A HUDDERSFIELD woman has welcomed Prince Harry's decision to launch a new charity.

Prince Harry formed the charity for African Aids orphans in Lesotho.

The 21-year-old prince has dedicated the charity - called Sentebale, or Forget Me Not - to the memory of his mother, Princess Diana.

Now, a Huddersfield woman who has witnessed poverty in Africa has spoken of the vital role charity projects such as this can play.

Gina Wescott travelled to Livingstone in Zambia in February to see the work of the Rainbow Africa Trust.

She took the trip after the youth group she leads at Paddock Community Church raised £2,600 for the charity.

Set up by Bradford man Ewart Crowther in 1996, the charity looks after Aids orphans, runs education centres, a medical clinic and takes doctors and medicines to outlying villages.

Gina, a bio-medical scientist at Huddersfield Royal Infirmary's pathology department, said the charity's work makes a huge difference.

She said: "They are based in Livingstone and work in five local villages.

"It is a small part of the population that they are working with, but every little helps.

"If there are lots of organisations doing a little bit, it all adds up."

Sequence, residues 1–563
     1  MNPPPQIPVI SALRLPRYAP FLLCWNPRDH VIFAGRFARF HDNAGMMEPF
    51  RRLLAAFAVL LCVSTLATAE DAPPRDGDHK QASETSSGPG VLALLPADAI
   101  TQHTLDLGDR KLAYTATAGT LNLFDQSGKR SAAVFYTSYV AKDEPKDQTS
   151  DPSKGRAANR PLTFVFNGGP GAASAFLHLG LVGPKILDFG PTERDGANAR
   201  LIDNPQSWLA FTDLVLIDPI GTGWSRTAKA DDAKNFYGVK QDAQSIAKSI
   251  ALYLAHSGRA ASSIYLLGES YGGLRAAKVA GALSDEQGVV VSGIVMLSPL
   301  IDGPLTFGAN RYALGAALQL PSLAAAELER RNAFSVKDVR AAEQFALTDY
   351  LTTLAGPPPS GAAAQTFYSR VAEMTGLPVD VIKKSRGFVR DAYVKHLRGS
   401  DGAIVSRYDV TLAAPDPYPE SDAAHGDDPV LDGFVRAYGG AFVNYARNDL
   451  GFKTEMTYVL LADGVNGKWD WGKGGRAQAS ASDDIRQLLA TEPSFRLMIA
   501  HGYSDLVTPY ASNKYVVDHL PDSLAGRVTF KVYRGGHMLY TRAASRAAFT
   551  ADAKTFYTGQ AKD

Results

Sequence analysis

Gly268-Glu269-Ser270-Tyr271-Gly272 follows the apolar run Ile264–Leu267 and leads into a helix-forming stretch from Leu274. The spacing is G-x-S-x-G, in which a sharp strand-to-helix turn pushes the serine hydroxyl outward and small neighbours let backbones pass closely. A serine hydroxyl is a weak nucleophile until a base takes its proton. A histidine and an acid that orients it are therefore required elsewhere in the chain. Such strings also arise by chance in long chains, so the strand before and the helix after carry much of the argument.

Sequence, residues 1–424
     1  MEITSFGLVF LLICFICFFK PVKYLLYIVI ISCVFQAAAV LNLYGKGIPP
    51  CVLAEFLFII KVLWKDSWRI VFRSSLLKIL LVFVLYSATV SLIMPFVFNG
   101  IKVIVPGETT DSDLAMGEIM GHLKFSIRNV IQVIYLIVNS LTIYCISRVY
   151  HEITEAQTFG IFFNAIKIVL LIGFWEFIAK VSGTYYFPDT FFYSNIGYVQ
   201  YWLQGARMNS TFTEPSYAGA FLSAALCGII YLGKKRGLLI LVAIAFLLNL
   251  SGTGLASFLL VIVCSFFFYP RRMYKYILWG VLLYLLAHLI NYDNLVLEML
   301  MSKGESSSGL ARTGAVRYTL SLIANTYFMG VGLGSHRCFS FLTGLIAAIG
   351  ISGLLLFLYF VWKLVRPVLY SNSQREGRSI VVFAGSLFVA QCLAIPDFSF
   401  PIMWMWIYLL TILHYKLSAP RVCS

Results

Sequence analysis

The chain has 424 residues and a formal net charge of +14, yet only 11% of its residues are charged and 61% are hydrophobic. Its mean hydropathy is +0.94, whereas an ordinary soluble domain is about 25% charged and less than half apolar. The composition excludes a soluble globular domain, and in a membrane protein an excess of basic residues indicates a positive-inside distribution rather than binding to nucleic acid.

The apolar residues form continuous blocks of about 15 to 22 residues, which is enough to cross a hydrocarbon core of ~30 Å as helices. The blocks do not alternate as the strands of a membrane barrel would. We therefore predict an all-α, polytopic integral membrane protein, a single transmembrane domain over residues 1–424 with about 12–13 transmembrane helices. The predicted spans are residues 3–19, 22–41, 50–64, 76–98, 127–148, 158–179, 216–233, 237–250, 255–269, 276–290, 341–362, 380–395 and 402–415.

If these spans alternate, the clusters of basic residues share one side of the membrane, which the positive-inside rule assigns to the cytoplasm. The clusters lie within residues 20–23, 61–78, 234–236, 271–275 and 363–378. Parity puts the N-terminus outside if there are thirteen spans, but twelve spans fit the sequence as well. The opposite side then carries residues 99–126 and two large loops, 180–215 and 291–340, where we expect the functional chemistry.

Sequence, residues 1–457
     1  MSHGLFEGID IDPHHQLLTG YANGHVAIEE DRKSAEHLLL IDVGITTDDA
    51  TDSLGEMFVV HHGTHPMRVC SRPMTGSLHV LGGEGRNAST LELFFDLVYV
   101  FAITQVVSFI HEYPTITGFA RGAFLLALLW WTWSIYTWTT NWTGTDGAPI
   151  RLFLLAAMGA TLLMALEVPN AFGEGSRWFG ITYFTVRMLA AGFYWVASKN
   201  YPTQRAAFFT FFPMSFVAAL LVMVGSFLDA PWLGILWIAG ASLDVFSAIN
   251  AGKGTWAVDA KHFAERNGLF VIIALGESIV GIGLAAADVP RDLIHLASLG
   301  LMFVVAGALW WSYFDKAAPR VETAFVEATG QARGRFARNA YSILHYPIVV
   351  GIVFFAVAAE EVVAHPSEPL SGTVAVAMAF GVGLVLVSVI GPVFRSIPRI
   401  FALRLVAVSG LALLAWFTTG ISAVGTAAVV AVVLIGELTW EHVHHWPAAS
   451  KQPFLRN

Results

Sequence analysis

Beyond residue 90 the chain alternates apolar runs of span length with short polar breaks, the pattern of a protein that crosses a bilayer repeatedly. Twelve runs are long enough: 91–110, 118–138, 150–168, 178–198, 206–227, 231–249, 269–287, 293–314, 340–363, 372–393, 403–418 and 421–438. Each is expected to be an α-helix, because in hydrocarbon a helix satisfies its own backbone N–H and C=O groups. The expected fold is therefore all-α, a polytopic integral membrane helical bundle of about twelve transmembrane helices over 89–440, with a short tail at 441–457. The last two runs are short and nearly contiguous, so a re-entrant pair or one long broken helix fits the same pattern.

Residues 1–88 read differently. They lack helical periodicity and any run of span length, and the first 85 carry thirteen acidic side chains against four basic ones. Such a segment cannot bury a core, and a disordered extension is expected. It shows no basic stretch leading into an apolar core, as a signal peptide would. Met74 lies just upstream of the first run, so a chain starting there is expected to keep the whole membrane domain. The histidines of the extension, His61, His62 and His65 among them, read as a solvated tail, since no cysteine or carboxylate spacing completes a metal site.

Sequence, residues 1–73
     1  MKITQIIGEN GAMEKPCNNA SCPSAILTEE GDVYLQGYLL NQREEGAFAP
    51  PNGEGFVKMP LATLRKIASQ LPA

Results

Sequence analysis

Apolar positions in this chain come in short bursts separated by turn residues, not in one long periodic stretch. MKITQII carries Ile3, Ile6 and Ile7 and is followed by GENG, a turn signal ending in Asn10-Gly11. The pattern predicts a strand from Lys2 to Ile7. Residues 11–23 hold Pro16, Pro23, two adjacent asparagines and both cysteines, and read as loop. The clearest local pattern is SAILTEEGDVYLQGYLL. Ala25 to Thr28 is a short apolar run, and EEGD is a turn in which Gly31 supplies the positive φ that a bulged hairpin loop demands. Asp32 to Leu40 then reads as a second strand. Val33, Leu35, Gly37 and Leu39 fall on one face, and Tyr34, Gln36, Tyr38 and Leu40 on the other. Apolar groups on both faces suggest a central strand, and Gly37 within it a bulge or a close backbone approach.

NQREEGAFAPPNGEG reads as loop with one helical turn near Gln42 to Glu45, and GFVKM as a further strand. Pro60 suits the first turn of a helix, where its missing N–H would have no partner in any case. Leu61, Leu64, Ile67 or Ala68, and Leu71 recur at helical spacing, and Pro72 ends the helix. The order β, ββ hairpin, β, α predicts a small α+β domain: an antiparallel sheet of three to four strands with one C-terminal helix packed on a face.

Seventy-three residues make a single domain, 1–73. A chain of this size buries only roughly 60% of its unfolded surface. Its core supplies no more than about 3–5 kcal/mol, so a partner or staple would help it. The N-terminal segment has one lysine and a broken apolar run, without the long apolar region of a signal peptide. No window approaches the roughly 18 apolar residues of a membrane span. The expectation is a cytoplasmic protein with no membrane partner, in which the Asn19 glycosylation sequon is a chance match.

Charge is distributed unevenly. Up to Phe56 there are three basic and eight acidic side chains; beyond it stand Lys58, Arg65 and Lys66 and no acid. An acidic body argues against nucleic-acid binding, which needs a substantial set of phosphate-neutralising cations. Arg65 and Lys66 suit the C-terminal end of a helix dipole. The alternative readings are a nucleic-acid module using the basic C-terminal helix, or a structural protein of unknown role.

Her visit made her realise how many problems people in Africa face.

She said: "The most significant thing is that just about every family is looking after additional children, who have been orphaned because of Aids. There are a lot of people living under the same roof, in tiny homes with not much land.

"They are very poor. But the people are so lovely and are really friendly."

She said the Rainbow Africa Trust is a small charity and therefore does not take many volunteers from Britain. Instead, it has created employment opportunities for more than 70 Africans.

She said that anyone who wants to offer practical help by volunteering on projects should look to larger charities.

However, she said people in the UK can make a huge difference from the comfort of their own homes.

Methods include making donations to fund charity work or sponsoring an African child.

She said: "It is probably one of the most significant things you can do to help.

"The child grows up with a better health and education, to earn more money and support their family.

"The family will also have peace of mind about their child's future."

Call Sentebale on 0800 458 0835. The Rainbow Africa Trust is at www.rainbowafrica.org